Tax law covers the rules, policies and laws that oversee the tax process, which involves charges on estates, transactions, property, income, licenses and more by the government. Taxation also includes duties on imports from foreign countries and all compulsory levies imposed by the government upon individuals for benefit of the state.
The tax practitioner community has belatedly become fully aware of the availability of patents for business method processes and financial transactions—including computer-driven processes that have tax- minimizing possibilities and even tax-advantageous methods of structuring transactions.
Patents and more generally franchises, concessions or licenses are depreciable on a straight line basis by apportioning the capital cost of each property over the life remaining thereon at the time the cost was incurred. If a patent, at the time it was purchased, had ten years to live before falling into the public domain, then, the purchaser will be permitted to take an allowance representing 10% of his capital cost every year for the next ten years. The inventor of a newly obtained patent could amortize his cost by taking a depreciation representing 1/17 of his cost for the following 17 years.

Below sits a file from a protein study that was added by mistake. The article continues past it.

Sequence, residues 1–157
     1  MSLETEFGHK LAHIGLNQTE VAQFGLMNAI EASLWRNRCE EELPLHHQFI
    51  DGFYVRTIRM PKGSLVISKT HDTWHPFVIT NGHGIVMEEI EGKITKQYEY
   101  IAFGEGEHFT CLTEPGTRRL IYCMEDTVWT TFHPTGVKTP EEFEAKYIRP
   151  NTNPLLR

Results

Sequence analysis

The franchises, concessions and licenses can be considered inter alia as franchises, concessions and licenses of patents, copyrights, trade-marks and industrial designs. The sale of a patent or its concession under license will have, for the parties concerned, tax implications not to be neglected. The sale of a patent can give rise to a capital gain and to recapture of capital allowance. Under special circumstances, the sale of a patent can generate business income. The criterias to be used to determine if a sale of a patent generates a capital gain or business income.